The US faces a fiscal crisis due to the demographic implications of healthcare, social security and public-sector pensions. Over the next decade, as the postwar generation leaves the workforce and begins to draw upon government resources for healthcare and pensions, these budget items will grow rapidly at the federal, state and local level. Without drastic and politically unpalatable reform, these expenses will consume government budgets, leaving no room for government services and activities. The consequences will be high structural deficits, and an exhaustion of national debt capacity.
The run-up to the demographic crisis should have been preceded by a strengthening of the national finances in order to leave some debt capacity for the problem. instead, the country has been running large deficits since as a result of the Great Recession. Federal debt held by the public has grown from $5 trillion in 2007 to $11 trillion today. The ratio of debt held by the public to GDP has risen from below 40% in 2007 to almost 80% today. Without a drastic change in course, the CBO predicts that ten years from now the ratio will climb to 90%, the highest level in postwar history.
Here is the budget arithmetic: GDP has been growing at 4% in nominal terms since the Crash, while federal debt has been growing at 12% over that period (post-crash). The debt is growing 8% faster than GDP, hence the steadily rising Debt/GDP ratio. The deficit represents 30% of federal spending.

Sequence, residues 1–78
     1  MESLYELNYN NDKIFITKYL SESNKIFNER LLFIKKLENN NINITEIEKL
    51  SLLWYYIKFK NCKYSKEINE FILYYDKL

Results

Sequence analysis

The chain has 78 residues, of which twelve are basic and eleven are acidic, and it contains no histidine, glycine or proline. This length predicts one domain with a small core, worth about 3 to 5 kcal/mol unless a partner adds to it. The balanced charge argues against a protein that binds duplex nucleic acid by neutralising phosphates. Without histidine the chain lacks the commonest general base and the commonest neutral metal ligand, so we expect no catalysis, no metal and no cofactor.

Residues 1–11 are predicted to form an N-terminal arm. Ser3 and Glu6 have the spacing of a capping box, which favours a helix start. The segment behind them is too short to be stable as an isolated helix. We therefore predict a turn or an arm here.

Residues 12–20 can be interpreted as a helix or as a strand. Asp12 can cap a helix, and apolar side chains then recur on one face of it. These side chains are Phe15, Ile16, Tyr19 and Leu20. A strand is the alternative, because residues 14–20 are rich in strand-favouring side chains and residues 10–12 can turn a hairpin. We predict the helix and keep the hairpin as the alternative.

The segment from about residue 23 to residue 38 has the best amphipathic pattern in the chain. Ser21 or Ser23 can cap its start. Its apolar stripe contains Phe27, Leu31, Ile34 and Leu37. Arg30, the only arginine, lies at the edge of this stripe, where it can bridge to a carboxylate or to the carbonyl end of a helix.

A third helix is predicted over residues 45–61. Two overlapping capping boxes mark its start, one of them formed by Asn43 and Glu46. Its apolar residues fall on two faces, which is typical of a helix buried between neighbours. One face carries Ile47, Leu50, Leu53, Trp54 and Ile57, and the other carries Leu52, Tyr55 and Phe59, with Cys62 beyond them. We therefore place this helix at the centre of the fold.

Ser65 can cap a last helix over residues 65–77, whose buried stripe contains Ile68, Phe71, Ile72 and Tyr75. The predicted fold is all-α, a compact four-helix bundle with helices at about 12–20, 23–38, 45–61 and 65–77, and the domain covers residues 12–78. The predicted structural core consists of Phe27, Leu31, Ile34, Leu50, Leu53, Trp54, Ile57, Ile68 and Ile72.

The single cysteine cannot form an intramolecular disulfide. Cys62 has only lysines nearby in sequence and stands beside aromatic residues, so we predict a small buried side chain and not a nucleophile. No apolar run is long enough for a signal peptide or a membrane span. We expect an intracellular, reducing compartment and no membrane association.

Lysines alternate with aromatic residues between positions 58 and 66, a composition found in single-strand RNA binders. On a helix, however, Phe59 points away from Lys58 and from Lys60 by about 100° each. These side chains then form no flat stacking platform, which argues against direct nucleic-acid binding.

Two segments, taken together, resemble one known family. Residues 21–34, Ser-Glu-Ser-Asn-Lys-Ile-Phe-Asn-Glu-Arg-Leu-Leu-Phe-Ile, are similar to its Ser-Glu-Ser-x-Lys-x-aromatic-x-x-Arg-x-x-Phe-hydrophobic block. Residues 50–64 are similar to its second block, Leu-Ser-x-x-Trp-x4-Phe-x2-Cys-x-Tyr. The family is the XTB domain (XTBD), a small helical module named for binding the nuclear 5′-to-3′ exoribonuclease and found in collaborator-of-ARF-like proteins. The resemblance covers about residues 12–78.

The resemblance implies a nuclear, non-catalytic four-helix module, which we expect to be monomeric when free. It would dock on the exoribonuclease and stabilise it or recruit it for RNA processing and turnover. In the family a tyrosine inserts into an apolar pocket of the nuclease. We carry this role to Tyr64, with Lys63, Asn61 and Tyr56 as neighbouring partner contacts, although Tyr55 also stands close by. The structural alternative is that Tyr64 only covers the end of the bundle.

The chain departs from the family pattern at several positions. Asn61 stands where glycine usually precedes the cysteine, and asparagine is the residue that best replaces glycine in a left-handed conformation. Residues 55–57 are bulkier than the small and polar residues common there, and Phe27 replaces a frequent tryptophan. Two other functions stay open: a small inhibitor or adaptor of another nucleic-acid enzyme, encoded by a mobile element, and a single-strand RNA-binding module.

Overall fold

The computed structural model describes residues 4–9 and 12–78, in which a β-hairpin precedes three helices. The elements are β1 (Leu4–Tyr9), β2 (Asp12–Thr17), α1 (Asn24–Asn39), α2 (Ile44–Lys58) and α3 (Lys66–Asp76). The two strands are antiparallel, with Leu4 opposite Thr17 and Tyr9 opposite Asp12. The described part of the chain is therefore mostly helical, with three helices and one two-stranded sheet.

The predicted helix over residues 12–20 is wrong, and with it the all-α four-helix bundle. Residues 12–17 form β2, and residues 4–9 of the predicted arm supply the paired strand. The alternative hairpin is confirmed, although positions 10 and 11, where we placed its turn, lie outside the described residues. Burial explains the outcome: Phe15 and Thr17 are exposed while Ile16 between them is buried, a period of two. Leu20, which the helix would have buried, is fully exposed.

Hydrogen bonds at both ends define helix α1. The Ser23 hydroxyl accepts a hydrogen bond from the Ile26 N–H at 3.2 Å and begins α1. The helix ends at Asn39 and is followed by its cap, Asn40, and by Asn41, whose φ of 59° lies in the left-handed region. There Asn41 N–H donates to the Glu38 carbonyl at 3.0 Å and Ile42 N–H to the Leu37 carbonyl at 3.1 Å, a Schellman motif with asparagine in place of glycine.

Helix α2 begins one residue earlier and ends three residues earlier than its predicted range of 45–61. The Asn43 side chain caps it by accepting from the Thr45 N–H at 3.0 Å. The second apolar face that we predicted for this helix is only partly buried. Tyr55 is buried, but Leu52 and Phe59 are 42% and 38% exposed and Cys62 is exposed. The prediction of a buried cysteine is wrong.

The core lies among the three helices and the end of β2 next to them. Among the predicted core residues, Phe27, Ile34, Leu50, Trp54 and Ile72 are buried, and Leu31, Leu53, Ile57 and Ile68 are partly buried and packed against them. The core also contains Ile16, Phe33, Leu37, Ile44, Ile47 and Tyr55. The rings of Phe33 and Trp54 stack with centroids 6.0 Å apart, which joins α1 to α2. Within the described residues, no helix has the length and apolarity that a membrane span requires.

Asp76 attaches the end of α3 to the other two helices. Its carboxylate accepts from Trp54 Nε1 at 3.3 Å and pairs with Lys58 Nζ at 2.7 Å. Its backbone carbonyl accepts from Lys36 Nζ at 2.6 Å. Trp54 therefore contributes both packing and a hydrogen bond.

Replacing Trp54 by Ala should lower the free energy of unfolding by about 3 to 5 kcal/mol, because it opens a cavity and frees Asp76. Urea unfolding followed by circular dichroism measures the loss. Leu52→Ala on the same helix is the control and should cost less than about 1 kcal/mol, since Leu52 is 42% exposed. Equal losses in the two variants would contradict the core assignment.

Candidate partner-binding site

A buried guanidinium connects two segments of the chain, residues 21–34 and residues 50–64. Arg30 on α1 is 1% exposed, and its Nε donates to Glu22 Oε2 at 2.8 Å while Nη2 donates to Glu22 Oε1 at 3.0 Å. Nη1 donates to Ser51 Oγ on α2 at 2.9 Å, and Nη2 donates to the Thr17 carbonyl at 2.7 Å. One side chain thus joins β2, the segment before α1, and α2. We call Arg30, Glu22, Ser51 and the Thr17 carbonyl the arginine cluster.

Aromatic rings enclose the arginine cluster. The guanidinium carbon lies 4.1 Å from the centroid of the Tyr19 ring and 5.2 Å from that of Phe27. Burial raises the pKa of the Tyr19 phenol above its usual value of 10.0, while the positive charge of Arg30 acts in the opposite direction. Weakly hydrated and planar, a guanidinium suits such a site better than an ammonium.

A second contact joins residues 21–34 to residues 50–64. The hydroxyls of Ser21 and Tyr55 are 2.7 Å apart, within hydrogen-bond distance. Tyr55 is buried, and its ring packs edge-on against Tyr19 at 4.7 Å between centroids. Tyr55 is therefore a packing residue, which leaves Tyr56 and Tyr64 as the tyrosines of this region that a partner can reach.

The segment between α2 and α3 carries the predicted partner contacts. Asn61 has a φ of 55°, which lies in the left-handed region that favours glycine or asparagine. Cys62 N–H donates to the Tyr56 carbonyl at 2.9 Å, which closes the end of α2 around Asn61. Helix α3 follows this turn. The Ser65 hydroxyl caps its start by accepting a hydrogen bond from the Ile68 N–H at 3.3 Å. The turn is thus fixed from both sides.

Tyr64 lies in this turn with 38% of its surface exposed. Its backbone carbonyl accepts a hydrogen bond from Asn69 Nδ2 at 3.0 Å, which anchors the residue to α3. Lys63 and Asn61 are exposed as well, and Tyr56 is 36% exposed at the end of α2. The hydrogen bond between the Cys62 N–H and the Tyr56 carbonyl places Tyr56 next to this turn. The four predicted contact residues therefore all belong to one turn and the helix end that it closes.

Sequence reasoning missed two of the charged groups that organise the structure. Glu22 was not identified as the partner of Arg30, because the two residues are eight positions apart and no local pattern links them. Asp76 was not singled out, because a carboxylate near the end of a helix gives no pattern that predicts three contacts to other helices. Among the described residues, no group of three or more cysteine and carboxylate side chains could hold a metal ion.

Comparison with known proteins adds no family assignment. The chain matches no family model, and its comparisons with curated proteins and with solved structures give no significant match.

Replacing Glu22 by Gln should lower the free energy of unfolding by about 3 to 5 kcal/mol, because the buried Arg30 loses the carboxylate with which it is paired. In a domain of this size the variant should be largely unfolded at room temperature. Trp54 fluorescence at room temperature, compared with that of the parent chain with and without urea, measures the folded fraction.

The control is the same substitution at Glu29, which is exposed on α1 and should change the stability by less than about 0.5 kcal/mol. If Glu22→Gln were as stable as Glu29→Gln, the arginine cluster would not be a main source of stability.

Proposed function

Stabilizing (or reversing) the country's debt ratios will require a major reduction in overall spending, entitlement reform, and substantially higher taxes on the middle class. All of these measures are included in Simpson-Bowles, but that plan is an unpopular orphan. Republicans won't discuss taxes or global adventurism, and Democrats won't discuss entitlements or welfare.
Therefore, there will be no fiscal reform, the deficit will remain large (and will grow as Medicare grows), and the fiscal problem will go from being difficult to fix to being beyond fixing. The likelihood of a fix is becoming very low.
Today's children will inherit a country at maximum debt capacity, like Japan is today. While we now enjoy the luxuries of low taxes and high spending, today's children will not. The pleasures that we receive from spending their money will not be commensurate with the financial squeeze that they will face. The ultimate challenge is one of intergenerational morality or rather immorality.
To avert the coming crisis will require two things: (1) immediate fiscal consolidation; and (2) reform of the nation's healthcare and pension systems. The current state of play in Washington indicates that neither is politically possible. There is no political consensus for lower spending, higher taxes and drastic programmatic reforms. The overall consensus is for low taxes, a high level of spending, and unreformed entitlements. Both the Simpson-Bowles and Ryan plans were dead on arrival, and no one wants to discuss them.